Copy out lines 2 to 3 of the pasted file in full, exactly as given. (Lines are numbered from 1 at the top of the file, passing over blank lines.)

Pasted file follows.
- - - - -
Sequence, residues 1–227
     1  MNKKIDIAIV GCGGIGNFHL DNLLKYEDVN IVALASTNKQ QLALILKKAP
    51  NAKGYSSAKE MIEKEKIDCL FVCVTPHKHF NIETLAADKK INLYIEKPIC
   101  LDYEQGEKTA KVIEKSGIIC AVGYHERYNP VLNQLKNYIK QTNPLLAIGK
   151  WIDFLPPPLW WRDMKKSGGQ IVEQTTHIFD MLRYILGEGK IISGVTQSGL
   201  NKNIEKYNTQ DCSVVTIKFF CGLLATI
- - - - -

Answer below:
     1  MNKKIDIAIV GCGGIGNFHL DNLLKYEDVN IVALASTNKQ QLALILKKAP
    51  NAKGYSSAKE MIEKEKIDCL FVCVTPHKHF NIETLAADKK INLYIEKPIC